Leeds is building a pipeline of leaders who will change the face of business.
Time and again, studies have shown that companies driven by diverse leadership teams are more likely to outperform their less diverse peers on profitability. Diverse perspectives foster innovation, creativity and empathy in ways that homogenous teams do not. The same can be said for business schools.
Diversity of thought is absolutely essential, say leaders of the graduate programs at Leeds School of Business, to the quality of education students receive. Leeds not only welcomes diversity—it thrives on it. And although just under 25% of the student body is diverse, the program continues to grow in representation.
“The future workforce is a diverse workforce. We want our student body to reflect this diversity as well,” said Kristi Ryujin, associate dean of graduate programs & special assistant to the dean for faculty diversity, equity and inclusion.
This spring, Leeds’ Graduate Programs Office launched its inaugural event for prospective and admitted diverse graduate students, “Transforming Business: Connecting Diverse Scholars.” It was an immersive day of rich content and connections with diverse faculty, classmates, alumni, corporate partners and board members—a special opportunity for attendees to get to know their future community.
“DEI isn’t just the latest trend for Leeds.”
Ellen Balauger, emeritus chair, Leeds Advisory Board
Attendees enjoyed a TED Talk on “Diversity Within the Workforce: New Expectations, New Opportunities”; conversations on DEI with industry leaders from Accenture, Ball Corp., KeyBank, McKinsey & Co. and Medtronic; interactive sessions with Leeds’ world-class faculty; and a deep dive into Leeds’ graduate programs.
Meet a diversity advocate
The event wouldn’t have been possible without the generosity of Ellen Balaguer, a champion of DEI efforts at Leeds who established the Mel and Marcy Balaguer Scholarship, that gives economically and socially disadvantaged students the opportunity to get a high-quality business education. In addition, her gift provides funding for programming and activities in support of diverse graduate students, including this event.
“DEI isn’t just the latest trend for Leeds—twenty-one years ago when Michael Leeds named the school, he envisioned ethics and inclusion built into the DNA of the business school,” said Balaguer.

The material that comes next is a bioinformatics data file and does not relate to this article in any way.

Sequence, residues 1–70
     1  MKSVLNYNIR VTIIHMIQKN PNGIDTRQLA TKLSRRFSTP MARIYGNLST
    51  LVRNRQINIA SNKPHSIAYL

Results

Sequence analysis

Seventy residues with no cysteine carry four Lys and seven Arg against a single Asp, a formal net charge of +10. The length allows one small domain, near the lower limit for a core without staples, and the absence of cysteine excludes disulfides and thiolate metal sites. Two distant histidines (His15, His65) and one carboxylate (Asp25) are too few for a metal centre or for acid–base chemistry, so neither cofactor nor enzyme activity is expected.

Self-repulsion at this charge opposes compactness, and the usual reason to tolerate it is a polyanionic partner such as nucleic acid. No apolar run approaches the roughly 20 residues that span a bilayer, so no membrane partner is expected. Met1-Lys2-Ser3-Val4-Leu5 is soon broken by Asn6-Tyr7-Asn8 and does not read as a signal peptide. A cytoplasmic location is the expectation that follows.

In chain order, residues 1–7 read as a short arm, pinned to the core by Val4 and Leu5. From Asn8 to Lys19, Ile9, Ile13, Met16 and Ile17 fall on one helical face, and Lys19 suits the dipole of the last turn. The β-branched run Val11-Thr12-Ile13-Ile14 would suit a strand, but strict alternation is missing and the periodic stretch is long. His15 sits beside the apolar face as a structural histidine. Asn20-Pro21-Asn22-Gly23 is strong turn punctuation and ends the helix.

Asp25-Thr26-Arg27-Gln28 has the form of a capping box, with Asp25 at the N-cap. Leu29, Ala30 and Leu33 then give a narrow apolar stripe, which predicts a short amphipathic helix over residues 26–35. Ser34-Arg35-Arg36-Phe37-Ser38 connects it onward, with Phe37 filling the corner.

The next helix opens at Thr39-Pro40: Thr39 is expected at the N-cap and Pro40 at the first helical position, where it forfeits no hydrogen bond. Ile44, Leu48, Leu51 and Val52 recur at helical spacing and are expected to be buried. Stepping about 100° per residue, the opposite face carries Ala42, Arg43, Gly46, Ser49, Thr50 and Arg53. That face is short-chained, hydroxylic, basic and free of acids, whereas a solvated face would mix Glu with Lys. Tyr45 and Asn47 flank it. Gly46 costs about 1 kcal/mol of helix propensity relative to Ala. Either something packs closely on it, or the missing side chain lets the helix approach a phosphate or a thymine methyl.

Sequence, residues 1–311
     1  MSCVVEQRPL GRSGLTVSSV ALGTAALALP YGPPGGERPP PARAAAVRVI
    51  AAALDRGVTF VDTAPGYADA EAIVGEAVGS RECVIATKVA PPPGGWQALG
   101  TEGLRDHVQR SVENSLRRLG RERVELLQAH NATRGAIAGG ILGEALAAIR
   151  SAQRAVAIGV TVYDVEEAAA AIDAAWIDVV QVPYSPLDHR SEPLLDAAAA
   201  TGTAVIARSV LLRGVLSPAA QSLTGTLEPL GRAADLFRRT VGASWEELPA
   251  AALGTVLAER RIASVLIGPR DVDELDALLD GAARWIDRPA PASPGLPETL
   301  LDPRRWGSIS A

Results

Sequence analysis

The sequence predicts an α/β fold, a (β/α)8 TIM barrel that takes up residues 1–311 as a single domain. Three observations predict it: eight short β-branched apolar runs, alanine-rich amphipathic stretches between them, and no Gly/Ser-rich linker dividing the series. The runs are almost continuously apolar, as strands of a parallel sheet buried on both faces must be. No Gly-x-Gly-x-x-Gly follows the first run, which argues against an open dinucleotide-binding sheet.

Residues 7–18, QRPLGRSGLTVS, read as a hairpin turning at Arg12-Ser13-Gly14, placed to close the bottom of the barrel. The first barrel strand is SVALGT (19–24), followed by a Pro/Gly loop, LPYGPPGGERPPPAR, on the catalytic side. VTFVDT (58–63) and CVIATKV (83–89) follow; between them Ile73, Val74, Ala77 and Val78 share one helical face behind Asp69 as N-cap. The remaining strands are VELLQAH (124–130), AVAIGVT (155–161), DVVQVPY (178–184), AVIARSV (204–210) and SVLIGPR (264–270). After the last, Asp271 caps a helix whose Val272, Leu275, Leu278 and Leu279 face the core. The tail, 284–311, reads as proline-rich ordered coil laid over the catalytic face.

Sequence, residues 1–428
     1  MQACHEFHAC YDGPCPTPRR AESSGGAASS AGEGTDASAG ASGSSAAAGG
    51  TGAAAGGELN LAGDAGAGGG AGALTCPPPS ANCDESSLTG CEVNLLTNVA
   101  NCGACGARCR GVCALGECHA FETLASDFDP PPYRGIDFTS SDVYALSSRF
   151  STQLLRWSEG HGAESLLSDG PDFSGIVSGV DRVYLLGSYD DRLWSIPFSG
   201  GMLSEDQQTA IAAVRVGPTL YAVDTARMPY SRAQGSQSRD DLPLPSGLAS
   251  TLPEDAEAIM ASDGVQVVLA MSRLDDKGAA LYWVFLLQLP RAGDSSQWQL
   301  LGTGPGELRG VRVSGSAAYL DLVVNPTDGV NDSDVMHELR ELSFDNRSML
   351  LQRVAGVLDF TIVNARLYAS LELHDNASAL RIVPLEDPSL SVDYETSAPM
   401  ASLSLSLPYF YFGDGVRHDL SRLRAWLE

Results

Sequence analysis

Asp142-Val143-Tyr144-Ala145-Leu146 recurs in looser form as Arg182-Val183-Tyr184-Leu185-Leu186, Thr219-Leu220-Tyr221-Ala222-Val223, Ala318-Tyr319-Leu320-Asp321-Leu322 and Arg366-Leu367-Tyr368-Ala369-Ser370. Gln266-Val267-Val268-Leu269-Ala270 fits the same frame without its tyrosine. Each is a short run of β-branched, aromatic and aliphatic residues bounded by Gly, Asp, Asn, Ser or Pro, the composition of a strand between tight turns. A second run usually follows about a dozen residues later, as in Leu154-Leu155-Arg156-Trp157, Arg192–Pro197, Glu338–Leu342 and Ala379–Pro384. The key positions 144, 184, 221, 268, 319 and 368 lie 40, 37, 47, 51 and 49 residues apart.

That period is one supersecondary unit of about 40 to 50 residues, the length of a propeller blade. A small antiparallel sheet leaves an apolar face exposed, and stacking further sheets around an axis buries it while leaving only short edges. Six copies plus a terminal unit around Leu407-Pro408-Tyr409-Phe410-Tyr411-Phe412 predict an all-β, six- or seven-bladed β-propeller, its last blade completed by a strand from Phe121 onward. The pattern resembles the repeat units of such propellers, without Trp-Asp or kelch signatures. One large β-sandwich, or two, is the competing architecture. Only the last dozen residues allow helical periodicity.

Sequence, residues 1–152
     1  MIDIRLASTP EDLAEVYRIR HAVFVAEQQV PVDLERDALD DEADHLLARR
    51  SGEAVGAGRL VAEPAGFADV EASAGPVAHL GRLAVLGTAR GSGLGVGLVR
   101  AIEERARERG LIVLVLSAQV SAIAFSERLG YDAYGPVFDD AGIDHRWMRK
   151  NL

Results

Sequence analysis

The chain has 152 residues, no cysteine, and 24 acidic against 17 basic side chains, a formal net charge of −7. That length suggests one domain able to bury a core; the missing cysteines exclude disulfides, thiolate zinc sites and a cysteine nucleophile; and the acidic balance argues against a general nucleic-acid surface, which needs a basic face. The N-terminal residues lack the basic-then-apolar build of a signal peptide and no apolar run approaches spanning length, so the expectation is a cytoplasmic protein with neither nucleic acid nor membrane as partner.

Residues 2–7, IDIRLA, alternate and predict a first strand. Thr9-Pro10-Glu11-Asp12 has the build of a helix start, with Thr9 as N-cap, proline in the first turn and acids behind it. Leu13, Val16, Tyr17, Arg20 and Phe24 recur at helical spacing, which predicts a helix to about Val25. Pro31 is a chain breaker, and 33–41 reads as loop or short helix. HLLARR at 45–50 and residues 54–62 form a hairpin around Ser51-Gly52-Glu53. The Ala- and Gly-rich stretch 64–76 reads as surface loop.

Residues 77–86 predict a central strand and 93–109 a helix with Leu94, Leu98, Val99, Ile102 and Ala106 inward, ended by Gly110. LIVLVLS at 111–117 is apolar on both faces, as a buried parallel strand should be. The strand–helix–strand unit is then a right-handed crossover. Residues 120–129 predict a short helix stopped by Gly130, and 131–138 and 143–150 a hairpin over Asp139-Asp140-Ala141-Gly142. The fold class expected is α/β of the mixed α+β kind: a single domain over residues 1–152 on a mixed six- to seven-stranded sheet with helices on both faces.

A retired global managing director at Accenture, she serves as an emeritus chair on the Leeds Advisory Board and has earned the Leeds Distinguished Alumni and Service Award in recognition for her service to the school.
Ellen named the scholarship for her parents who endured hardships and sacrifices to send her (and her brothers) to college; she hopes to give the same opportunity to others.
The ‘only’ way to be
Both faculty and alumnae speakers offered food for thought on identity in the workplace. PhD instructor of communications Salma Shukri suggested strategies for diverse employees in the business world. “Find power in being the ‘only’—the only person in the room with a different perspective,” she said.
Nana Yaa Asante-Darko, alumna of the MS Finance program, shared with attendees, “I came to Leeds to find something different,” she said. “All of me was wanted. All of what I think. As a woman in business, it’s important to bring who you are…You have to consciously decide you’re allowed the same as every other individual.”
Leeds’ corporate partner John Min, a managing director at Accenture, reinforced the importance of strength in your identity: “Know who you are; stand for something.”
What graceful leaders do
Medford Moore, manager of diversity and inclusion at Ball Corp., observed that we live in a culture that too quickly ‘cancels’ people who make mistakes. His leadership style prescribes offering grace instead.
Rupal Ayer, senior director of strategy & customer success at Medtronic, said the best leaders possess skills of empathy, communication and accountability. “I flip the org chart,” he explained, “and I’m at the bottom. My job is to support those above me.”
Ryujin strives to offer similar support for diverse students.
“My hope is that attendees were able to sample what the Leeds experience is like for a diverse student,” said Ryujin. “We want to create a pipeline of talented, diverse professionals who will change the business world, and these prospective students are the ones to do it. I hope they felt our commitment to their success.”